Vitamin E: cautionary issues

  • Anne P. Spencer
Treatment News

Conclusion

Compared with many medications used in the patient with cardiovascular disease, vitamin E is a relatively safe supplement. There are a few populations in which caution needs to be employed, however. Patients receiving warfarin therapy should be discouraged from using vitamin E supplements and should be closely monitored if they do. Smokers should avoid vitamin E due to potential negative effects on vitamin C, and vitamin E should never be administered in conjunction with beta-carotene in this population. The rare patient requiring vitamin A therapy or having retinitis pigmentosa should also avoid vitamin E supplementation. Because of the increased risk of bleeding, vitamin E should be discontinued in the perioperative period in any patient requiring surgery.

Preview

Unable to display preview. Download preview PDF.

Unable to display preview. Download preview PDF.

References

  1. 1.
    The Heart Outcomes Prevention Evaluation Study Investigators: Vitamin E supplementation and cardiovascular events in high-risk patients. N Engl J Med 2000, 342:154–160.CrossRefGoogle Scholar
  2. 2.
    GISSI-Prevenzione Investigators: Dietary supplementation with n-3 polyunsaturated fatty acids and vitamin E after myocardial infarction: results of the GISSI-Prevenzione trial. Lancet 1999, 354:447–455.CrossRefGoogle Scholar
  3. 3.
    Stephens N, Parsons A, Schofield P, et al.: Randomised controlled trial of vitamin E in patients with coronary artery disease: Cambridge Heart Antioxidant Study (CHAOS). Lancet 1996, 347:781–786.PubMedCrossRefGoogle Scholar
  4. 4.
    Bendich A, Machlin L: Safety of oral intake of vitamin E. Am J Clin Nutr 1988, 48:612–619.PubMedGoogle Scholar
  5. 5.
    Diplock A: Safety of antioxidant vitamins and beta-carotene. Am J Clin Nutr 1995, 62(6 suppl):1510S-1516S.PubMedGoogle Scholar
  6. 6.
    Meyers D, Maloley P, Weeks D: Safety of antioxidant vitamins. Arch Intern Med 1996, 156:925–935.PubMedCrossRefGoogle Scholar
  7. 7.
    Meydani S, Meydani M, Blumberg J, et al.: Assessment of the safety of supplementation with different amounts of vitamin E in healthy older adults. Am J Clin Nutr 1998, 68:311–318.PubMedGoogle Scholar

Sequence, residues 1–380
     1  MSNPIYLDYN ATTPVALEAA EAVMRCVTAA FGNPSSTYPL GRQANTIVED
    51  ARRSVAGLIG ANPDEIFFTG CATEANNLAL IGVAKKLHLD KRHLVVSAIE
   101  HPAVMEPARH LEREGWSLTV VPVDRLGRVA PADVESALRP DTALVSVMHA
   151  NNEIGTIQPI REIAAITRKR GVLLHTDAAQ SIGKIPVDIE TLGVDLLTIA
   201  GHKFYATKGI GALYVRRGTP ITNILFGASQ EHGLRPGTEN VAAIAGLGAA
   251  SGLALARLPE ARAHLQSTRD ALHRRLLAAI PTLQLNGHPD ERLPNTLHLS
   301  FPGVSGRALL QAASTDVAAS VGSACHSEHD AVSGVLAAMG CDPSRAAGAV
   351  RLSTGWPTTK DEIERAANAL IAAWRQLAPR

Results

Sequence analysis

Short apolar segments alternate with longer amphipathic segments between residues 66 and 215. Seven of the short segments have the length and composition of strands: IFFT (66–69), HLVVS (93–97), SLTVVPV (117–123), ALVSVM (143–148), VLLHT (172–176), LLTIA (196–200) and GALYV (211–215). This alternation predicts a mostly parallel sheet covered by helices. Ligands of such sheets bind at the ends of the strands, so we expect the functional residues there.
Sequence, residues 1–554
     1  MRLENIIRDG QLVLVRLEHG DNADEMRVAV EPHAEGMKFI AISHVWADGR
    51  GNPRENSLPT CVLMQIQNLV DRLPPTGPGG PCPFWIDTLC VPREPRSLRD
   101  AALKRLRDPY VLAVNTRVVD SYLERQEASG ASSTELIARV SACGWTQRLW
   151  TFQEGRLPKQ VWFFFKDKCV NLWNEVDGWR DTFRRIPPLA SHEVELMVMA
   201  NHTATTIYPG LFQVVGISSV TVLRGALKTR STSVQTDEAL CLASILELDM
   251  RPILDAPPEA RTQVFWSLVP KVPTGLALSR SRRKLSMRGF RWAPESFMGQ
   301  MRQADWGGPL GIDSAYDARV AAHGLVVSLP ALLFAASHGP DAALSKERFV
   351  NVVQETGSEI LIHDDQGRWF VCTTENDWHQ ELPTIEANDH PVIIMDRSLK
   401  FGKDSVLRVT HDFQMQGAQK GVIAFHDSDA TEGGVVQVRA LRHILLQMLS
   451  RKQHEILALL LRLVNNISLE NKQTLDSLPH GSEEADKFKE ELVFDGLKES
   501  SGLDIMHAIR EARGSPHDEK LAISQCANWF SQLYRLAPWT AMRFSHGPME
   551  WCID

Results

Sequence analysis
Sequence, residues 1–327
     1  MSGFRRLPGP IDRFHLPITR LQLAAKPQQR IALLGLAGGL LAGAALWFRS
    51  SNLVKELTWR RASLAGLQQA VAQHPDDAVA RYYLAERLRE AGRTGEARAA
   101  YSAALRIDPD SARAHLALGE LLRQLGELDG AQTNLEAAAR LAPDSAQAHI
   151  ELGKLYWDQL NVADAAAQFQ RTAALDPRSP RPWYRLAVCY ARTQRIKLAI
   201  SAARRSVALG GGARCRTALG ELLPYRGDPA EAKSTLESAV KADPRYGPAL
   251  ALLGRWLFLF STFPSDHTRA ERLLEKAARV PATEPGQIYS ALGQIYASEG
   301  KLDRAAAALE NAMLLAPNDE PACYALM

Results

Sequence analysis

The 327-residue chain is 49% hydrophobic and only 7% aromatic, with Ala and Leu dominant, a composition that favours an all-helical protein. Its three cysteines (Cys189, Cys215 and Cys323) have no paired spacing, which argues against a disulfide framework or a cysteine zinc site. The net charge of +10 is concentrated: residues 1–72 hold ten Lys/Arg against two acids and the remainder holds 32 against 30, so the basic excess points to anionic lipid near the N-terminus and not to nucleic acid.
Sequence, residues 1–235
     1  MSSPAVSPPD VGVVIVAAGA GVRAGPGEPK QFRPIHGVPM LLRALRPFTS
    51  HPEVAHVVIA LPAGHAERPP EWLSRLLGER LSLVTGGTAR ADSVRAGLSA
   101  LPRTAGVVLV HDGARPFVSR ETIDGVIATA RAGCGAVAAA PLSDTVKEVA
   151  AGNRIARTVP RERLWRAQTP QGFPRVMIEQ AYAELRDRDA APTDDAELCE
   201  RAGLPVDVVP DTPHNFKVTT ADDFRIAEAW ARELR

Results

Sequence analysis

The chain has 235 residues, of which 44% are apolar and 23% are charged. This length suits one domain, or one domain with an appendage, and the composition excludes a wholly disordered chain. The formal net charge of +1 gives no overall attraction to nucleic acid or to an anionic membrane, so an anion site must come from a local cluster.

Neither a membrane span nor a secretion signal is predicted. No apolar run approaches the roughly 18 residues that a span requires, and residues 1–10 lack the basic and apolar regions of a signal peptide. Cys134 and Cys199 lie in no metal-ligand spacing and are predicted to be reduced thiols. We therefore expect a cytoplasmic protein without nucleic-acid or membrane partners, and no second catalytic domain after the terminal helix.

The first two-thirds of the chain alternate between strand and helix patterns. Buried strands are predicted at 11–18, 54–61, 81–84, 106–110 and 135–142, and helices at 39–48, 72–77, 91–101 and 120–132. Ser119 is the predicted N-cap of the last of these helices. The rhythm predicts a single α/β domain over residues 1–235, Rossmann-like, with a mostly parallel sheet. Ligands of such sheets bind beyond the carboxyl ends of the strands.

8. 8.
    The Alpha-Tocopherol, Beta Carotene Cancer Prevention Study Group. The effect of vitamin E and beta carotene on the incidence of lung cancer and other cancers in male smokers. N Engl J Med 1994, 330:1029–1035.CrossRefGoogle Scholar
  9. 9.
    Steiner M: Vitamin E: more than an antioxidant. Clin Cardiol 1993, 16(suppl I):I16-I18.PubMedCrossRefGoogle Scholar
  10. 10.
    Liede K, Haukka J, Saxen L, Heinonen O: Increased tendency toward gingival bleeding caused by joint effect of alpha-tocopherol supplementation and acetylsalicylic acid. Ann Med 1998, 30:542–546.PubMedGoogle Scholar
  11. 11.
    Benson E, Rosner B, Sandberg M, et al.: A randomized trial of vitamin A and vitamin E supplementation for retinitis pigmentosa. Arch Ophthalmol 1993, 111:761–772.Google Scholar
  12. 12.
    Handelman G: High-dose vitamin supplements for cigarette smokers: caution is indicated. Nutr Rev 1997, 55:369–370.PubMedCrossRefGoogle Scholar
  13. 13.
    Rapola J, Virtamo J, Ripatti S, et al.: Randomized trial of alpha-tocopherol and beta-carotene on incidence of major coronary events in men with previous myocardial infarction. Lancet 1997, 349:1715–1720.PubMedCrossRefGoogle Scholar
  14. 14.
    Vitamin K, Vitamin E, and the coumarin drugs. Nutr Rev 1982, 40:180–181.Google Scholar

Copyright information

© Current Science Inc 2000

Authors and Affiliations

  • Anne P. Spencer
    • 1
  1. 1.Medical University of South Carolina, College of PharmacyCharlestonUSA

Personalised recommendations